Tohoku Region - Sendai & Yamagata

Tohoku Region – Sendai & Yamagata

Yoshi and Kato are discussing which route to take to Yamagata. There’s the direct route through mountains but there’s also the scenic route, also through mountains but the views are prettier. They decide upon the scenic route for our benefit. It’s rainy today and even though it’s gray and a bit dark outside, the views are nice and I decide to put down the book I brought along to read, cuz’ I’m not doing the driving here, and I crack the tinted window on my side of the van and stare out, part ruminating, part sightseeing. The effort was made to give us these views and I wasn’t going to be an ungrateful or insouciant guest. We stop at this small place that sells local produce and toys and they also have a restaurant inside and its lunch time. This place is also situated above a small waterfall on a stream that is fed from the mountains.

While I sit and eat, I only have to turn my head to the left and I can watch the water rush over the rocks and flow. I get Tonkatsu, breaded pork cutlets, one of my favorites, and we mirthfully eat our meals. That being done it’s just a short drive into Yamagata. The drive today wasn’t long to begin with, about 60-70 miles so it was an easy travel day for us.

The Waterfall

The Waterfall

Oishii!

Oishii!

Arriving at the club I was intrigued by the venues name when I saw it appear on the itinerary; Frank Lloyd Wright. Really, named after a famous architect? The must be some kind of structural design to either the exterior or the interior or to the tables and chairs or how it’s set up inside? Frank Lloyd Wright didn’t just do buildings you know. When we pulled up there was nothing I could see to even grasp a remote reference to FLW, so when the owner came I queried as to the namesake; turns out his little brother really liked this Paul Simon song called – ‘So long to Frank Lloyd Wright?’, I didn’t know it but the reason was of sentimental origins.

 

すごい!お相撲大好きです! I love me some Sumo!

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After sound check we ready ourselves with a little bit of time back at the hotel and I turn on the TV so I can watch Sumo Wrestling. The Nov. Tournament is almost over here so the big match-ups are gaining more popularity and with increasing magnitude as to the outcome towards the winner. Sometimes it’s a runaway affair and the winner is pretty much revealed by the halfway mark, determined by one wrestler, usually the top-dog, Yokozuna, will retain a perfect winning record and the others will start to lose too many matches that the numerical odds become an inevitable forgone conclusion. Not this time, there’s one with a perfect record, and the next has only one loss and they’re fighting today. I start to change my strings and I wait in anticipation for said match to come. Sumo is not just two fat guys smacking bellies together and pushing. It’s a very nuanced competition and there’s a psychological element to it as well. During the pre-fight ritual when the wrestlers ascend the circle where they’ll grapple, they go through the ceremonial moves and squats but all the while they’re staring down each other while there and these stares intensify when the assume the starting posture; bending over and placing their balled up knuckles on these lines that determine where thrust out towards each other. This ritual is done 2 times with the third time being the start. Both wrestlers jump off the lines when both the wrestlers have touched the ground on the lines. Sometimes one wrestler will already have his hand on the ground waiting for the other wrestler to do the same, and the other will wait and squat there and stare before snapping down their hands just barely brushing to ground then jumping off the line as if to gain the element of surprise. I’ve seen matches last anywhere from one second to several minutes. It’s always thrilling to watch and I don’t have the time to type out all the observations and technique involved in this very old sport. It’s no wonder that it’s survived this long due to its complexity and traditions. In the big match today, the Yokozuna with the perfect record lost to the Yokozuna with one loss. That sets up and epic battle for the final day. What’d I tell ya?…this stuff is great.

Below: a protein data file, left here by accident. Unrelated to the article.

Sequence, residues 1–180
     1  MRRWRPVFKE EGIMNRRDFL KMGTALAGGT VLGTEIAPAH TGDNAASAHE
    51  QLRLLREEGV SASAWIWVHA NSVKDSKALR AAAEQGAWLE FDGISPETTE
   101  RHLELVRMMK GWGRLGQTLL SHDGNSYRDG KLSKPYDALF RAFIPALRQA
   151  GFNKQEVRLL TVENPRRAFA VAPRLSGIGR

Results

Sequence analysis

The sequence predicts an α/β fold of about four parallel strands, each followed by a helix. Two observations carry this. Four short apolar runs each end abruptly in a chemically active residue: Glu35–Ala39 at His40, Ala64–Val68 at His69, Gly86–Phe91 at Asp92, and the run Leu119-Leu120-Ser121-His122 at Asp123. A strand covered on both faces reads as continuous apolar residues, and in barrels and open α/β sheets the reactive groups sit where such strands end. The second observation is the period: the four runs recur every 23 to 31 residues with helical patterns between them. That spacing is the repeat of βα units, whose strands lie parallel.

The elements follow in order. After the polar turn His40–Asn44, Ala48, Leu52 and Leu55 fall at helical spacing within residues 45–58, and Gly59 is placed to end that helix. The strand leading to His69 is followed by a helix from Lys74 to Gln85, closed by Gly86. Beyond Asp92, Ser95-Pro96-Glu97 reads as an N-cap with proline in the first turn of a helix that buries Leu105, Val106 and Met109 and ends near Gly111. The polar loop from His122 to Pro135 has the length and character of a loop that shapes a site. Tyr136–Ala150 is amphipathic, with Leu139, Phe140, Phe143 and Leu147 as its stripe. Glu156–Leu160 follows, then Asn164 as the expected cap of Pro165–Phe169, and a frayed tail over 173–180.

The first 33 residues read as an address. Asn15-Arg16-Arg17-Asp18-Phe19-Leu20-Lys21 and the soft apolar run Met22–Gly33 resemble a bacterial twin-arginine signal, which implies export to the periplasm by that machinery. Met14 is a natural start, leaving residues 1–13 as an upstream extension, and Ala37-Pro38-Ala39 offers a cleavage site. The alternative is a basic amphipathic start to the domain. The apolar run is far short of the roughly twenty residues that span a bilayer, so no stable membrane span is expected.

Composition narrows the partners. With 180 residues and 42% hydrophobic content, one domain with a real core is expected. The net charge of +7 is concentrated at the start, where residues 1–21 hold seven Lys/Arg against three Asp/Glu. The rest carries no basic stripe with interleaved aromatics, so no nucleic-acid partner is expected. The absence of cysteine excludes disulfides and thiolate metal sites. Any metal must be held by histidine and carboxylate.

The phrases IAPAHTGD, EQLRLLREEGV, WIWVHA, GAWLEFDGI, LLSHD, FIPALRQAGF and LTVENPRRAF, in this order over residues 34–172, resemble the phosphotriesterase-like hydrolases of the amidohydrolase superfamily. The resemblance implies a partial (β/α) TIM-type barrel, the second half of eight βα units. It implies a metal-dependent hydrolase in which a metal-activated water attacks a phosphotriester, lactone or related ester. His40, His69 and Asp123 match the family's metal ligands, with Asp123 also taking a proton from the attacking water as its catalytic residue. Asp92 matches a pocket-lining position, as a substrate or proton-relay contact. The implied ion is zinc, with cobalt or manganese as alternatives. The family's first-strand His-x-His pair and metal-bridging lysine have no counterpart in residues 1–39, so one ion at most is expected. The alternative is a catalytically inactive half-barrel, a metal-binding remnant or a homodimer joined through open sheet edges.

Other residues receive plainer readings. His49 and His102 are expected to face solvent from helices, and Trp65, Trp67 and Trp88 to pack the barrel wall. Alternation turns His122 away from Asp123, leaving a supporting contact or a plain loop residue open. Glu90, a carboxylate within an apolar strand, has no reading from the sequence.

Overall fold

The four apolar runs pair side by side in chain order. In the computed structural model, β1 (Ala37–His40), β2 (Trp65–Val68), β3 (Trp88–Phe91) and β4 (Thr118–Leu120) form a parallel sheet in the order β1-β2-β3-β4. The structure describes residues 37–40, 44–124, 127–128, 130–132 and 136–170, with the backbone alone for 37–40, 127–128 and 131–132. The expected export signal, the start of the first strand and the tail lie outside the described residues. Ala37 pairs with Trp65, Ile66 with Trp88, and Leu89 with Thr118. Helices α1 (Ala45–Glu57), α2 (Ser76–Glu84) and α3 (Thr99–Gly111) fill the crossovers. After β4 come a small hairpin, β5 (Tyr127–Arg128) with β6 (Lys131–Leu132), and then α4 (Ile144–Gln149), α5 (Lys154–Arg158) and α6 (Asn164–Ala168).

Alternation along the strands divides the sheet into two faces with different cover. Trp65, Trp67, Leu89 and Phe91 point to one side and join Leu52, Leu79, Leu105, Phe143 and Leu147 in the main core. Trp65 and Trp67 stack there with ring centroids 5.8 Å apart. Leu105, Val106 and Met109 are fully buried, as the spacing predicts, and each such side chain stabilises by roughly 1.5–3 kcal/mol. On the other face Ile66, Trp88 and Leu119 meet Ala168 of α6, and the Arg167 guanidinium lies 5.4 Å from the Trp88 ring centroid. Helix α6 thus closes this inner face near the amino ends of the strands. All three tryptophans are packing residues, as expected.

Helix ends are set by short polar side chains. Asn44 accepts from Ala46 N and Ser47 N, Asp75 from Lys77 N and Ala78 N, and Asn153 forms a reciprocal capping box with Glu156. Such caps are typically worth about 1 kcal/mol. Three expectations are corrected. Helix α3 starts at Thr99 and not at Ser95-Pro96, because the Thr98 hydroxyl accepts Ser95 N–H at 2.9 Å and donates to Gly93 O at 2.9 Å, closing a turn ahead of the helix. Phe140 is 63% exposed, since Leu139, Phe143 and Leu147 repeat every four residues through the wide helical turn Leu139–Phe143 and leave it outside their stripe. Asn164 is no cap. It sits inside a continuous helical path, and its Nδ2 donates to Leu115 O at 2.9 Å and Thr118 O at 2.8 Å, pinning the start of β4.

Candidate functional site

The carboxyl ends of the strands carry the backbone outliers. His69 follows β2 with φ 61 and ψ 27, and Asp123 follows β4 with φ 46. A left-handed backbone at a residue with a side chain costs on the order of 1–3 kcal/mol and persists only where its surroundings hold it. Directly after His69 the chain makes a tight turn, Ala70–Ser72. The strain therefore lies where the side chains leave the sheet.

Back to the club and we listen to the opening band. Local guys but they’re playing interesting songs. The open up with a Steely Dan song and do like a rocking boogie-woogie blues and play some other progressive songs. They were a lot of fun to listen to.

We set our stage back up and I change my clothes and head to the stage. It’s a lot of fun tonight and I feel that I’m moving better on the guitar but the sound quality in the room is absorbing too much of the high end and I’m having trouble hearing my guitar. Even after I request for more of my guitar in my monitor, the absence of high frequencies still make it a bit of a chore to hear and play with ease but I man up and soldier through it. Still had fun but I had to wonder what could’ve been if we had a stage we could hear well on. Oh, that’s the way it goes on the road and you just adapt the best you can and play with heart. Always play with heart. The crowd thought wasn’t disappointed at all and they call us back for an encore. A great time and beginning for Yamagata and I hope I get to return here and play.

Next stop – Fukushima.

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